By Alex McCoy, Contributing Writer, Owner of Fit Travel Life
When the Covid 19 pandemic started ramping up in mid to late March, for many healthcare workers it felt like waiting for a tsunami to hit. We were bombarded with images of nurses in other countries working 18-hour shifts for days at a time, being forced to quarantine from their families, and even getting sick and dying themselves. There seemed to be an imminent threat hanging over everyone in the medical field, and some days it felt like an unbearable thing to carry.
Fast forward almost seven months and the threat is still there, but the annoyance of the weight seems to have lessened. We have begun to realize that this is a marathon sort of experience and definitely not a sprint. A lot of our hospitals have resumed business as “usual” as much as that word can be used these days and our jobs seem to have a feeling of a new normal.
I currently work PRN as a Pediatric ICU and Emergency Department nurse. While we don’t typically get the sicker-than-sick Covid patients, we have still had to do our share of pivoting as a result of the pandemic.
Back in April when hospitals realized they needed to make drastic changes to consolidate PPE, keep patients safe, and see how the number of Covid patients would affect hospital capacity, our unit got shut down completely. We went from a full pediatric ER and PICU within an adult trauma center to holding our inpatients in the ER and not accepting transfers or ambulance calls of any kind.
This was a step taken by hospital administration so we could use the pediatric unit to hold any Covid or Covid-suspected patients. It was actually a great solution in terms of infection prevention, but it took a toll on the pediatric staff.
As PRN staff I was floated or canceled most shifts. I believe one month I worked two of my six scheduled shifts, and both of those were in the NICU. We had to learn how to float to other units with minimal warning. We were being shifted to cover the “PPE Room”–aka to check out and ration life-saving protective equipment to all of my coworkers. At a time when a lot of people were still unaware of the national shortage of supplies, it was extremely difficult to explain to coworkers the need to issue them one mask per shift and save N95 masks for “high risk” departments.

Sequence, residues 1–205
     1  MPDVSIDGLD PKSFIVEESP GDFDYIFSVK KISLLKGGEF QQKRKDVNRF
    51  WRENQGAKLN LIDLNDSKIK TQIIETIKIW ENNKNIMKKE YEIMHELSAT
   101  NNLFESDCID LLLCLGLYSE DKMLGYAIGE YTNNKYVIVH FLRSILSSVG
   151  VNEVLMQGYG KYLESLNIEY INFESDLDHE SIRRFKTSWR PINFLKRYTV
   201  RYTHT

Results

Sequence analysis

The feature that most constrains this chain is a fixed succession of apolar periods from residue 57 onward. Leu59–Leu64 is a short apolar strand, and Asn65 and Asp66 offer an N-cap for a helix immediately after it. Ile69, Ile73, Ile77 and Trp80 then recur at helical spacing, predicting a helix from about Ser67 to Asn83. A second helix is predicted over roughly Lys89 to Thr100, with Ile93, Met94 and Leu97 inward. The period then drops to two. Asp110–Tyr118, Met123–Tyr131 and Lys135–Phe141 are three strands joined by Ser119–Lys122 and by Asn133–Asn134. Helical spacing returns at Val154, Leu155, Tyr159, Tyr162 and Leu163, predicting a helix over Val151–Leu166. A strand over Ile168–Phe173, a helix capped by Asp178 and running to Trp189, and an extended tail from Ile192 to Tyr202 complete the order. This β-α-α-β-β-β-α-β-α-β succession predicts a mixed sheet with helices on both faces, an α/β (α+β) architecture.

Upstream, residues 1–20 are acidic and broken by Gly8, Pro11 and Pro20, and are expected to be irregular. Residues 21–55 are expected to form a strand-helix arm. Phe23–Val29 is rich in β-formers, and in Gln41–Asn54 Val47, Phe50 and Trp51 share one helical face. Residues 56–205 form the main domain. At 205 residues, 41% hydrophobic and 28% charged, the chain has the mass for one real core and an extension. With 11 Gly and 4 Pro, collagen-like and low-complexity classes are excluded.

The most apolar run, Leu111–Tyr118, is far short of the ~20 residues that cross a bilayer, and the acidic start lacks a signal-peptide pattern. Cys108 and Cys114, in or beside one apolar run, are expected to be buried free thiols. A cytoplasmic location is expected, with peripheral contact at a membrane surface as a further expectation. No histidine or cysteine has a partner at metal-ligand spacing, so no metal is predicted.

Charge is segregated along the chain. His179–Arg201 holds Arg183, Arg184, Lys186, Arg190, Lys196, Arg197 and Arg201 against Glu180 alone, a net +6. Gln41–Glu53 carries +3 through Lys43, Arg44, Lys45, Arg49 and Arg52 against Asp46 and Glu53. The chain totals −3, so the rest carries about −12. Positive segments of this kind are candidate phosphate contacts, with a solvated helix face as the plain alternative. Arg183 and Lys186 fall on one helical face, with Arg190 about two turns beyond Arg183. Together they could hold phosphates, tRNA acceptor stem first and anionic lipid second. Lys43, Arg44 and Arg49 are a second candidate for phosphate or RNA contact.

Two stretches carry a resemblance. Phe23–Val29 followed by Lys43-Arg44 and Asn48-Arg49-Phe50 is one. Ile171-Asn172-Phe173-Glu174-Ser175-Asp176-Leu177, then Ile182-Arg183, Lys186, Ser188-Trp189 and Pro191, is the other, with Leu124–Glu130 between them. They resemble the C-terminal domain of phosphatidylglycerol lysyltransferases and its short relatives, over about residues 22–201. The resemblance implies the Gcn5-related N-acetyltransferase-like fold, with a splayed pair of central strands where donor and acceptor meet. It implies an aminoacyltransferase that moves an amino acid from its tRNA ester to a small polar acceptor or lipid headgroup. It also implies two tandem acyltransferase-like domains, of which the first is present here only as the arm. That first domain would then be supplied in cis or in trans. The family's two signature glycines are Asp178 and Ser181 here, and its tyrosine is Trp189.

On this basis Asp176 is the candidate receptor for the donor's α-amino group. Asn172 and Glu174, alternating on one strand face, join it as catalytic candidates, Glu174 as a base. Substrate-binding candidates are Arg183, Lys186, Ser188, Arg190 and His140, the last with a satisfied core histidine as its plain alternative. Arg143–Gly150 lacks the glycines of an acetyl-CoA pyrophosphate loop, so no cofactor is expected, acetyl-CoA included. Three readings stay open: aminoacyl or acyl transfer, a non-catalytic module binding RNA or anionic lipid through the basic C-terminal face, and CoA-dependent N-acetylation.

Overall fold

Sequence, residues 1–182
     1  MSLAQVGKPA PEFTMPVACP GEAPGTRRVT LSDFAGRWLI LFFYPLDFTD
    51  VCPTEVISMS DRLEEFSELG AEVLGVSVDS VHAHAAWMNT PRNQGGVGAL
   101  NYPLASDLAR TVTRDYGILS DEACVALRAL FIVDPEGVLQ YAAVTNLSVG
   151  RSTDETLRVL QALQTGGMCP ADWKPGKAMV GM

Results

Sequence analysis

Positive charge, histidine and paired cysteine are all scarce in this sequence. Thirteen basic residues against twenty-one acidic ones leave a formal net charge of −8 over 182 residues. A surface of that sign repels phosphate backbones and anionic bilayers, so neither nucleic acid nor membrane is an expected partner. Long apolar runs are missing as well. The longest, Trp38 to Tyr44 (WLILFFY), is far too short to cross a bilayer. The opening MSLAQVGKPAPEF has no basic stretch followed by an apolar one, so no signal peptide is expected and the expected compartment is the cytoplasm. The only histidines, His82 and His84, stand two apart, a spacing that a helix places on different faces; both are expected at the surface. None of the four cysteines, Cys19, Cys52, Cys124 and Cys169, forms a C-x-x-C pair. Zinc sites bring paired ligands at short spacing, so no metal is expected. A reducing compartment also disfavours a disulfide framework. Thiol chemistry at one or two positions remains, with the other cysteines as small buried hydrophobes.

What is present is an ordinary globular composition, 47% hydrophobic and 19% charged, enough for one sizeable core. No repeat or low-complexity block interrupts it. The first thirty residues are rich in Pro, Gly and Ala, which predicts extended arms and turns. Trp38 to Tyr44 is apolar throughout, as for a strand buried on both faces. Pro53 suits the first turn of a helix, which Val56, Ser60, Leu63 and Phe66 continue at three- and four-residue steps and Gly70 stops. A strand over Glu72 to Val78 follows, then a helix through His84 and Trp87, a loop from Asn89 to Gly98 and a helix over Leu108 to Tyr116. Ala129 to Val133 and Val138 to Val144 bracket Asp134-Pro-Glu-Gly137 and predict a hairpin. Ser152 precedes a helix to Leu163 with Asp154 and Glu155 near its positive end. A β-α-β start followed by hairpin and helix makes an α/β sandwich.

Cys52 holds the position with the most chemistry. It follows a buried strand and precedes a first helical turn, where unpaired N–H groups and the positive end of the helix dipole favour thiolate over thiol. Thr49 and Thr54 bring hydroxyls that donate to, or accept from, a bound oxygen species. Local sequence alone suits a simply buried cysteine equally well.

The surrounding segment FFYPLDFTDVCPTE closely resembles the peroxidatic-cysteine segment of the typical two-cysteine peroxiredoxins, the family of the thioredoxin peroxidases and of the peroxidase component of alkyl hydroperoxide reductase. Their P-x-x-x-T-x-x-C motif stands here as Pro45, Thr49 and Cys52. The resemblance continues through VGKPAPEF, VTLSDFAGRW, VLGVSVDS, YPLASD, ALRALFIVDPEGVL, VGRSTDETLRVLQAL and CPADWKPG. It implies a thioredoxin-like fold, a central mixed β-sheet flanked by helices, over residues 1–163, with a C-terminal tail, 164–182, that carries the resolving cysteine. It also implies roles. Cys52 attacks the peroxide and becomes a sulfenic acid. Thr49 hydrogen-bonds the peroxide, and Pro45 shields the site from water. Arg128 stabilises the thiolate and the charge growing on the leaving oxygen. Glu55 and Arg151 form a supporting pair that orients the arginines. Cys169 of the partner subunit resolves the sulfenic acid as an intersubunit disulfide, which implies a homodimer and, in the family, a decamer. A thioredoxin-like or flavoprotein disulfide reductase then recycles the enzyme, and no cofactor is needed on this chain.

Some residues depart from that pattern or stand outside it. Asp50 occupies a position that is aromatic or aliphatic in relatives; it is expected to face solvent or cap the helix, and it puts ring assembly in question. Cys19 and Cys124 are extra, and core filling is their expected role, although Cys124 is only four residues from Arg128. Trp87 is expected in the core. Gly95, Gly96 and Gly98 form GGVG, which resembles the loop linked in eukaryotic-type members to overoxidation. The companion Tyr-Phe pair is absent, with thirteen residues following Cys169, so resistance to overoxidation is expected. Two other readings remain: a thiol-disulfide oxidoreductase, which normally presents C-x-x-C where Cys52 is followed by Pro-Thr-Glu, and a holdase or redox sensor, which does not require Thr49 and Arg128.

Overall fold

Initially, I felt a deep sense of stress and panic as I began to navigate my new workplace environment and all of the unknowns. I had no idea when I would get to work back in my department. I saw coworkers quitting from the stress and wondered how our unit would handle the stream of people leaving when we finally did open back up again.
But I also saw strength and resiliency. I saw our nurses going above and beyond to make the patients staying in our ER rooms with no shower or private bathroom stay as comfortable as possible. I saw people who were getting floated to new departments put their best foot forward to learn what they could because pandemic or not, those patients still needed us as much as the Covid patients did.
And then when we finally got word that the hospital had reconfigured their plans and we were opening our unit again, I saw the passion all of us had for pediatrics. The pure excitement we felt to be back in our own space, able to offer the quality of care we knew our patients deserved. I saw teamwork as nurses from adult floors were sent to help us as we rebuilt our staff. Resilience from a manager who had to lead us through a time of uncertainty and constant complaints from frustrated staff. And I can’t forget the compassion we received from patients and families who understood we were doing the best we could, even if their stay was not ideal.
Even now, the patience and understanding we receive from families blows me away. I have never had to turn away as many friends and visitors as I have in the last six months, but everyone has taken it politely and with understanding. There is truly nothing worse than telling a sixteen-year-old she can’t visit her best friend who was in a car wreck when you know it would be beneficial to both her and the patient. But I do appreciate the maturity and grace these kids and adolescents have had in navigating this very weird time in healthcare.
While none of us could have imagined when we became nurses or doctors or CNAs or therapists that we would be working in the midst of a global pandemic, I think we can all agree that someday we will have a great appreciation for the fact that “we did it”. We can tell the young nurses and docs about how we not only lived but worked through a global pandemic. The Covid crisis they write about in history books will be something we experienced first hand. And that will be something to be proud of.
Alex McCoy currently works as a pediatric travel nurse. She has a passion for health and fitness, which led her to start Fit Travel Life in 2016. She travels with her husband, their cat, Autumn and their dog, Summer. She enjoys hiking, lifting weights, and trying the best local coffee and wine.
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